Most mail carriers came back to their post offices Saturday with heavier loads than when they left on their routes.
Postal workers returned with bags and boxes of non-perishable food items left at mailboxes by residents participating in the annual national food drive for the needy sponsored by the U.S. Postal Service and the National Assn. of Letter Carriers.
“I think it’s a rewarding thing, and good to make it so convenient for people,” said letter carrier Chris Guyse of Reseda, who works at the Northridge Post Office.
In the aftermath of the Jan. 17 earthquake, the volume of canned goods and foodstuffs was lower than last year in Northridge. But mail carrier Kurt Whitesell said the collection has a bright future because people trust mail carriers.
“If they trust us with their checks, they’ll trust us with a few canned goods,” said Whitesell, who is living temporarily in Canyon Country because the quake forced him out of his Northridge home.
Workers sorting bags of food instead of mail late Saturday said that the Northridge office has been involved in volunteer food drives for years. But the current cooperative effort between the letter carriers’ union and the U.S. Postal Service dates from the first drive in December, 1992.
The annual collection date was switched last year to May because officials said that food banks are lowest in supplies as summer approaches and donations dwindle.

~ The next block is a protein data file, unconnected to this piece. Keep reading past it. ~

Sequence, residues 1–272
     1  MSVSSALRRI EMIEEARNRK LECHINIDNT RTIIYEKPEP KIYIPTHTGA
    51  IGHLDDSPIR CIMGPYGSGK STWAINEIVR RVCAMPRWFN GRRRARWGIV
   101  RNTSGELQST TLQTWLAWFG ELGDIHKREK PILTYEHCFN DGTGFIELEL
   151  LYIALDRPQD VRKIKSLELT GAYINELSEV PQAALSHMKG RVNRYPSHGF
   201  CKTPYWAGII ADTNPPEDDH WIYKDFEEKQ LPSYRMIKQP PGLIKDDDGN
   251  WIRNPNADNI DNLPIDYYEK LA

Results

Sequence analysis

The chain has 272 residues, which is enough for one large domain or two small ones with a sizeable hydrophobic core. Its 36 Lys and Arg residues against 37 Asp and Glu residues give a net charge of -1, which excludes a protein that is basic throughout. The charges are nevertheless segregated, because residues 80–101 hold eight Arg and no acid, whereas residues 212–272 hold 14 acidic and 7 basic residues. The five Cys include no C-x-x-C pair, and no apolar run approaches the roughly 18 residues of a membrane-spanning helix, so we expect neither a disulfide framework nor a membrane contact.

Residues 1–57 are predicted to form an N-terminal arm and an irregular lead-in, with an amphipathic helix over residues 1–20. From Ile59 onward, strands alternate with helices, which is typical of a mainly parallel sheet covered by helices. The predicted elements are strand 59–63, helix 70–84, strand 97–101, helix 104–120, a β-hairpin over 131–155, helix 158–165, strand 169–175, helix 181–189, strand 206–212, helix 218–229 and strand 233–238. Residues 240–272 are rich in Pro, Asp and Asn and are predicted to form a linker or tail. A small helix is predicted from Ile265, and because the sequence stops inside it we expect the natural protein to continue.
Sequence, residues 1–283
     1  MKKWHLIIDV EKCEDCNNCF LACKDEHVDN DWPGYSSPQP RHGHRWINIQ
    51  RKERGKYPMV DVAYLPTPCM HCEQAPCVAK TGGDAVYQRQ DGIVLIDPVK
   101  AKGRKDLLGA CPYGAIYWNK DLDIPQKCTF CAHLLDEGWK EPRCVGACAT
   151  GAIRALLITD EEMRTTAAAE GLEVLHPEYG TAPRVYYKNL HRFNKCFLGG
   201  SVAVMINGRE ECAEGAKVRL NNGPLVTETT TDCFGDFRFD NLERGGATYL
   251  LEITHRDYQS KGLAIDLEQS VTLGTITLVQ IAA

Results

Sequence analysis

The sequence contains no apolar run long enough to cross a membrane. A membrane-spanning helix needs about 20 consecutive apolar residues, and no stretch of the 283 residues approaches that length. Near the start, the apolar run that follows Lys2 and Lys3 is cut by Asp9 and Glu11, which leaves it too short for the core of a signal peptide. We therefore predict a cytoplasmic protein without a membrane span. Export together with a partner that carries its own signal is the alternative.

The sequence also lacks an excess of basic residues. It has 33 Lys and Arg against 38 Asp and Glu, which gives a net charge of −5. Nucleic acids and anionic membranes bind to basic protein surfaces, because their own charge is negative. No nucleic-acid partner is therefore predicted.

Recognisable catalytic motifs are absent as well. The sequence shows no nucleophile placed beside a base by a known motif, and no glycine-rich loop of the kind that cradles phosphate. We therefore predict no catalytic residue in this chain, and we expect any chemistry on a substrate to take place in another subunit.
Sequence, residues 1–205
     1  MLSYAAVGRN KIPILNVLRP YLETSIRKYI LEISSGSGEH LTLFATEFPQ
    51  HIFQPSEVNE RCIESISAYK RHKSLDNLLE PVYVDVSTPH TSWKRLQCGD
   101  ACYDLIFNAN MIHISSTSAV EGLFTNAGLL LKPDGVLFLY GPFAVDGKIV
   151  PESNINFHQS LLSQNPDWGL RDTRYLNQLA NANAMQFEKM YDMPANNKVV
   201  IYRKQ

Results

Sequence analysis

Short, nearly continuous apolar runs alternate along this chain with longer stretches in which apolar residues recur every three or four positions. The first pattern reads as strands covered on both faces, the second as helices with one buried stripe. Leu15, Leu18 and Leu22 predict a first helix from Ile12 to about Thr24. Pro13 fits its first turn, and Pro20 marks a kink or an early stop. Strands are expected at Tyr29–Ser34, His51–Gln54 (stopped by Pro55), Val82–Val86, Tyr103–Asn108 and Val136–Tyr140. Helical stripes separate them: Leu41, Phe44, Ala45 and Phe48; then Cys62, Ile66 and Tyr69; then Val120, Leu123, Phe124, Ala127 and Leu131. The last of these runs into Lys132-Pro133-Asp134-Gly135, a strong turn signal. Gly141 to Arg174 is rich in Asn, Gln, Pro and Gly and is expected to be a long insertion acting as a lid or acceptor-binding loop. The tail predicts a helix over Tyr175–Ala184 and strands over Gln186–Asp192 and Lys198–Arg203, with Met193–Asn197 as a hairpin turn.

Marva Golden, chief shop steward at the Northridge branch who was donating her time Saturday, said Lutheran Social Services and B’nai B’rith will collect the foodstuff from the Northridge and Porter Ranch branches. But across the San Fernando Valley area, a variety of nonprofit agencies, religious and secular, will receive the food for their hunger relief programs.
Mail carriers who walk their routes had to design a new strategy so they would not be overloaded with donations too far from their trucks.
Kavin Williams felt he had a plan. “I pretty well know who’s going to donate,” said Williams who has been on the same route for seven years.
One resident, whose mail had already been delivered, ran out with a paper bag filled with cans to Williams’ truck. “Kavin, I forgot to put my cans out,” he said.
Ken Thomas, a 21-year-old Cal State Northridge student who lives in an apartment complex, said, “I didn’t remember that this was the day until I saw somebody else’s bag by the mailboxes. It could have been more publicized.”
Back at the Northridge Post Office, several workers were pawing through large mail bins full of groceries searching for a carrier’s beeper that had fallen in. One carrier lost a receipt from an express-mail delivery while unloading her groceries. Another worker luckily spotted her dog-spray repellent that had fallen out of her jacket as she helped with the bags.
The donated cans and packaged groceries were as varied as any supermarket’s stock, but carrier Peter Butcher held up an item especially familiar to postal workers.
“Hey, what’s this stuff?” he asked. “Didn’t we deliver this?”
To the chuckles of colleagues nearby, Butcher displayed two small cereal boxes, still unopened and held together by clear plastic wrapping. There were, in fact, quite a few of those mailed samples sticking out of bags.